Nationally, as my hon. Friend intimated, the issue is online gaming. Someone drunk can pick up a phone and gamble away to their heart’s content. They can lose their wage by playing with one of these toys or a gaming machine all night. Someone drunk cannot go into a betting shop and cannot be served alcohol in a betting shop, but they can drink away and play on a phone. Where does the money go when they play on this? It goes to Spain and other parts of the world, and the Government reap no benefit from it whatsoever. Unless the Government grapple with this issue, the companies that run online gaming are going to make the most out of gambling, and the taxpayer and the tax collector are going to receive zero.
The report touches on one other absolutely crucial matter, which is that there is no support for people who require treatment. Fiona Bruce touched on that. It is a disgrace that there is no assistance. The Government are quite happy to lift the levy from betting shops, but put that levy elsewhere. That money should go towards the treatment of people who are problem-gambling. I will leave those thoughts with you, Mr Deputy Speaker.
I, too, thank the Members here for making the effort to be present. Carolyn Harris is always here when a debate on gambling is taking place, and Fiona Bruce never misses an occasion to comment on these issues. The fact that there may not be as many here tonight does not mean that it is of any less interest to the people in this House. It is important to put that on the record. Those of us who are here are here for a purpose, and we are here to have our voice heard.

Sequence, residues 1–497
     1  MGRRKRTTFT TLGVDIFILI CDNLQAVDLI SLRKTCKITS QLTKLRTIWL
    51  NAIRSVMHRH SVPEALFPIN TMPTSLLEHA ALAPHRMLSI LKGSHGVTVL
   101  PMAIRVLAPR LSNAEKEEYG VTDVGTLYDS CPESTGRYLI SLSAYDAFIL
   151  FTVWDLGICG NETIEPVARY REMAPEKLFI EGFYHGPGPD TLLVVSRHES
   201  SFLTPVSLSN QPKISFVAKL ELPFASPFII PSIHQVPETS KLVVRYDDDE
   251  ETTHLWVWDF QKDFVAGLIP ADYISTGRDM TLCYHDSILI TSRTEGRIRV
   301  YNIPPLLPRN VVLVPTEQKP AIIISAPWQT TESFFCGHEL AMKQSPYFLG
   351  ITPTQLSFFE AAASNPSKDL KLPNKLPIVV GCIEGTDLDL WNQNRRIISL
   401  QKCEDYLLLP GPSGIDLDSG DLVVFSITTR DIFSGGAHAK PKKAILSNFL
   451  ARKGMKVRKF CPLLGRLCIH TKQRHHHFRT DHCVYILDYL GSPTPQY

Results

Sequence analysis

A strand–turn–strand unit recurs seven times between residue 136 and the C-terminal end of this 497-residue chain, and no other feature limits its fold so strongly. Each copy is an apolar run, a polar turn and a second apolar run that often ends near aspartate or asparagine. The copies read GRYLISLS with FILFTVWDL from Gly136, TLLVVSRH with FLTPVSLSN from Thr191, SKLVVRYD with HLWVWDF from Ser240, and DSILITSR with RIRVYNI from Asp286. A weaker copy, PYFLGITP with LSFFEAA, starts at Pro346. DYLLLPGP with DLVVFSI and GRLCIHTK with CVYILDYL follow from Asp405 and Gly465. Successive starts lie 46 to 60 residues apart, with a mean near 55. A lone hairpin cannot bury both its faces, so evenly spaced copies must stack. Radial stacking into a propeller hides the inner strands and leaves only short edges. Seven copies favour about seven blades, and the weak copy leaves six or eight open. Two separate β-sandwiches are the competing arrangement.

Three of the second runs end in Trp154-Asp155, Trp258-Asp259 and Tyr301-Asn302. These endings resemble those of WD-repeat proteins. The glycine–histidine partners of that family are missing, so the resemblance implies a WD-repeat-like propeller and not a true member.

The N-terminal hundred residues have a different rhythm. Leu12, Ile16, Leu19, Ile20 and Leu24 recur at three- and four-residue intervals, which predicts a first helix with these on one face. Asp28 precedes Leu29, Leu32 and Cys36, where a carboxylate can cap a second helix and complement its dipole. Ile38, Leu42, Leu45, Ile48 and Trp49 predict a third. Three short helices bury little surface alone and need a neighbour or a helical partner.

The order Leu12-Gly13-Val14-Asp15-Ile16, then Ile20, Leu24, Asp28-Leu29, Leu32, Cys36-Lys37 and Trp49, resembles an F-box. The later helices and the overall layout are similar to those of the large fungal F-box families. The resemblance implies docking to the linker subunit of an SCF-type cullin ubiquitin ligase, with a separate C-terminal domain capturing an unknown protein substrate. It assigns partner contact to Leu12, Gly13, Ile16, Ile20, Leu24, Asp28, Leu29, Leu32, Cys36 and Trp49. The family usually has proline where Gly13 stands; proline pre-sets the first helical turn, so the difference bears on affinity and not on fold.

I am very grateful for the report on gambling, which has been produced under section 3(11) of the Northern Ireland (Executive Formation etc) Act. The report proves to be a sobering read about the state of the law on gambling, and the support provided for those suffering from gambling addiction.
I have had the pleasure of being with Peter and Sadie Keogh, who are working with a newly formed charity, Gambling with Lives. They were in Westminster earlier this year. I have known them for some time, and I have met them in my office. They are not my constituents; both Pete and Sadie are from Fermanagh in Northern Ireland. Their son Lewis tragically took his own life after a battle with gambling addiction. Therefore, their story is of critical importance. Their experience really brought home to me the dreadful reality of gambling addiction: the damage it can do to individuals and families. They have become diligent campaigners on this issue, seeking to help to ensure that others do not go through the experience they, sadly, went through.
I had the pleasure to attend that event to raise awareness. Does my hon. Friend agree that what was really striking was what a slippery slope there is? It very often started with very young people getting access inappropriately to these sites—it is a bit of fun to put £1 on here and £2 on there—and it really consumed their lives and ended up taking their lives in the most tragic of circumstances. Does my hon. Friend agree that we also need to look at how we protect young people with access to social media and the internet—virtually without regulation—from being sucked into these types of initiative?